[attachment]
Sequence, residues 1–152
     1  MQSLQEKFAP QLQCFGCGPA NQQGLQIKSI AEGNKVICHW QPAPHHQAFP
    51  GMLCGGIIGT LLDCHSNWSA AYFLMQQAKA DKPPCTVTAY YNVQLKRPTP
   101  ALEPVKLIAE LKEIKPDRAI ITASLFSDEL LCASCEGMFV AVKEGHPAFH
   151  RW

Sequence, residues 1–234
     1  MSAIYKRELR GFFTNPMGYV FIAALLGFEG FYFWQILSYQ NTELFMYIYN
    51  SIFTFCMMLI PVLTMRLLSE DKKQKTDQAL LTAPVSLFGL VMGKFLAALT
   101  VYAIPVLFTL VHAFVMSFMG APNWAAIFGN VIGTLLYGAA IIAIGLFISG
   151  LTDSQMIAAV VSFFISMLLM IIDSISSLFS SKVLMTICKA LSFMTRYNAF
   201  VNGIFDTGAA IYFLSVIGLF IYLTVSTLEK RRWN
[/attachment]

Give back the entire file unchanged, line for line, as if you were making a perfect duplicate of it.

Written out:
Sequence, residues 1–152
     1  MQSLQEKFAP QLQCFGCGPA NQQGLQIKSI AEGNKVICHW QPAPHHQAFP
    51  GMLCGGIIGT LLDCHSNWSA AYFLMQQAKA DKPPCTVTAY YNVQLKRPTP
   101  ALEPVKLIAE LKEIKPDRAI ITASLFSDEL LCASCEGMFV AVKEGHPAFH
   151  RW

Sequence, residues 1–234
     1  MSAIYKRELR GFFTNPMGYV FIAALLGFEG FYFWQILSYQ NTELFMYIYN
    51  SIFTFCMMLI PVLTMRLLSE DKKQKTDQAL LTAPVSLFGL VMGKFLAALT
   101  VYAIPVLFTL VHAFVMSFMG APNWAAIFGN VIGTLLYGAA IIAIGLFISG
   151  LTDSQMIAAV VSFFISMLLM IIDSISSLFS SKVLMTICKA LSFMTRYNAF
   201  VNGIFDTGAA IYFLSVIGLF IYLTVSTLEK RRWN